According to the National Coalition Against Domestic Violence, 12.7 million people are victims of domestic abuse each year. Domestic abuse is a serious problem that destroys families, threatens the well-being of children, and can even lead to death. Domestic Violence Awareness Month helps spread information about domestic abuse and decreases the stigma associated with victims of domestic abuse.
What is Domestic Violence?
Domestic violence involves the abuse of one partner in an intimate relationship against the other in order to gain or maintain control. Abuse can involve physical abuse, sexual abuse, emotional abuse, and psychological abuse. Domestic abuse can be seen in all genders, ethnicities, sexual orientations, income levels, and ages. Women between the ages of 20 and 24 are most at risk for suffering domestic abuse.
Domestic abuse is a pervasive problem in this country, but not enough is being done to prevent domestic violence and treat victims. According to the recent NO MORE Domestic Violence and Sexual Assault Survey commissioned by the Avon Foundation for Women, 80% of respondents believe that domestic abuse is a problem in society, but only 15% believe it is a problem within their friends. Domestic abuse is severely underreported in America; according to the National Coalition Against Domestic Violence, only 25% of all physical assault and 20% of all rapes are reported to the police. Clearly, not enough is being done to support and encourage domestic abuse victims to seek help.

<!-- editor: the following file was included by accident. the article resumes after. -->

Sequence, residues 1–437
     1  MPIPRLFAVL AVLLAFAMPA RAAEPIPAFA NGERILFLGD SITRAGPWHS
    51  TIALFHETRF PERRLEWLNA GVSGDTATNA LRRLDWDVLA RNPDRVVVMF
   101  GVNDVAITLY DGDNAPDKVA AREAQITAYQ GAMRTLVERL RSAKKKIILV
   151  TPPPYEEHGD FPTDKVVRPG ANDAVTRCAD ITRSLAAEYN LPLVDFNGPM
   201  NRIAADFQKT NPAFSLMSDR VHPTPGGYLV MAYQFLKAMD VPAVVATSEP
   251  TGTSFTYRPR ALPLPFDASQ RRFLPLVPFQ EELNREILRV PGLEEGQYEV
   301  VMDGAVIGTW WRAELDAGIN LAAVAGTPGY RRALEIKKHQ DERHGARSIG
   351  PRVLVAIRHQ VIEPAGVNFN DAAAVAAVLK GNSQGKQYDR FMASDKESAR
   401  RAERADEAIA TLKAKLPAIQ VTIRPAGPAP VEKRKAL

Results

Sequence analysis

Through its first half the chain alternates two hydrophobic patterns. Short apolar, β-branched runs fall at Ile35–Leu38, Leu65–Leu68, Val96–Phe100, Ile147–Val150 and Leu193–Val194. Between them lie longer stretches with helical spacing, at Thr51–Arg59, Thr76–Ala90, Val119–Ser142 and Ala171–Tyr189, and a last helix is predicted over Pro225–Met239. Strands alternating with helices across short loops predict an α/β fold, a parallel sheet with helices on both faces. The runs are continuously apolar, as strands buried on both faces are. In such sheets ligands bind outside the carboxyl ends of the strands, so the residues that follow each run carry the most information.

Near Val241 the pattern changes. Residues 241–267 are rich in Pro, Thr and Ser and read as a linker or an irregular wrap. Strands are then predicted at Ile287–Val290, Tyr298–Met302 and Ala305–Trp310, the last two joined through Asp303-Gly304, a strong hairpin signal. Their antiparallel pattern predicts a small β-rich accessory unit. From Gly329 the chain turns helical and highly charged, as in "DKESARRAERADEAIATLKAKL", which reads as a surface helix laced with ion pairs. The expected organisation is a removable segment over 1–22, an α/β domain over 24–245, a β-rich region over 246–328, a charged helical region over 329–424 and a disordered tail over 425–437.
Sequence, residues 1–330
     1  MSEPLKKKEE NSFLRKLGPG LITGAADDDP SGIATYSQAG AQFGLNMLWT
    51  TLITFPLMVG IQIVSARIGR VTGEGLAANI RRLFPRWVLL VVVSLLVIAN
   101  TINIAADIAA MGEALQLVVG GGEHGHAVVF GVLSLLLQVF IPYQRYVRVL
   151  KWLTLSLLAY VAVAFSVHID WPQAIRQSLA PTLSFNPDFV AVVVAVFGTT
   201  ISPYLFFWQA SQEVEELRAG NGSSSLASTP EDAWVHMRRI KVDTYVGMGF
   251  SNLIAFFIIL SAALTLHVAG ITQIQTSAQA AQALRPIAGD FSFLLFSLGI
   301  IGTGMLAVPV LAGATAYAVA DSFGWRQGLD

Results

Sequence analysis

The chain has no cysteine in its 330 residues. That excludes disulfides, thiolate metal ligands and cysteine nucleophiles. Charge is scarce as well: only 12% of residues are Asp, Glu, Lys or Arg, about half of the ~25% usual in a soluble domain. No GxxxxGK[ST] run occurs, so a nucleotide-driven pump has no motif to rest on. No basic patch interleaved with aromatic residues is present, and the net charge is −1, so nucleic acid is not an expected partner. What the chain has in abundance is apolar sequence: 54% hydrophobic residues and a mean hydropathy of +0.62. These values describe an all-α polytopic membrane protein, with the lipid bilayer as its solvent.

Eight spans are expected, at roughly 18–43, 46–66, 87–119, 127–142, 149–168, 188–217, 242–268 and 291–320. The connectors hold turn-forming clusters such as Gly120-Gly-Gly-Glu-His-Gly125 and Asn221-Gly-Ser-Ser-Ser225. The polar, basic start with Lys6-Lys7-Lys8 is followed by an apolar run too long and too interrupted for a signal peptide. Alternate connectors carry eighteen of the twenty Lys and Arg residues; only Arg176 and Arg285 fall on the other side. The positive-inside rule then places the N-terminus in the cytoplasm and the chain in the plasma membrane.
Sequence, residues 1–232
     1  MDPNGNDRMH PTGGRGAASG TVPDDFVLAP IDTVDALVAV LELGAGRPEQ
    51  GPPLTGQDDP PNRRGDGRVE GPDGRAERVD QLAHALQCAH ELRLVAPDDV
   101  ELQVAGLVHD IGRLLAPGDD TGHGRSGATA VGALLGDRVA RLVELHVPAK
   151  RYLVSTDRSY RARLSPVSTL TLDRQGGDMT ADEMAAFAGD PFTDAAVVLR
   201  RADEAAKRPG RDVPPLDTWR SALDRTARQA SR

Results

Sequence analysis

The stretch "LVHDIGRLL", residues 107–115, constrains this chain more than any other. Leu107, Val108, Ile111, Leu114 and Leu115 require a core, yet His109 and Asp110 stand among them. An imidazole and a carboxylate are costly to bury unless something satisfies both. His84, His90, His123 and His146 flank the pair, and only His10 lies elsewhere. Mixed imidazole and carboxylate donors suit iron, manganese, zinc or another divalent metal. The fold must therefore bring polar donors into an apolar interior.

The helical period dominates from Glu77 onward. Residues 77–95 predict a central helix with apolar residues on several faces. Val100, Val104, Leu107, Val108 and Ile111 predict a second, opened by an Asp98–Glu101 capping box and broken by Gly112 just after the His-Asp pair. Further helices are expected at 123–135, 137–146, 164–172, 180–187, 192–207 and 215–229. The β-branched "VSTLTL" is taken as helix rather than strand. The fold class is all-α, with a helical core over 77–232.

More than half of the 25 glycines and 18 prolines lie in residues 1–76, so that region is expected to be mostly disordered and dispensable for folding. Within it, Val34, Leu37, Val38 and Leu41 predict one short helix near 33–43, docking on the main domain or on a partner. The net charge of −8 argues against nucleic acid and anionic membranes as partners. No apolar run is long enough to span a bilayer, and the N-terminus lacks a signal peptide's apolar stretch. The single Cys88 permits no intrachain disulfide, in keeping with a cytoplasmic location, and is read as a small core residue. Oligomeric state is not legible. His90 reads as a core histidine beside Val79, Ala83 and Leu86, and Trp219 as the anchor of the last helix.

What We Can Do
Ever since the first Domestic Abuse Awareness Month was observed in October 1987, the country as a whole has taken steps in helping victims of domestic abuse. A free national hotline at 1−800−799−SAFE (7233) is available to help women safely leave a violent relationship. Safe houses and domestic abuse programs are also available, but most programs are suffering from lack of funding due to state and federal budget cuts.
The most important thing you can do to prevent domestic abuse is to be aware of the signs of domestic abuse and seek help immediately before the situation gets worse. It is important to speak out against domestic abuse. The new NO MORE campaign is meant to raise awareness on ending domestic abuse nationwide. This October, wear purple to support victims of domestic abuse and speak out against violence.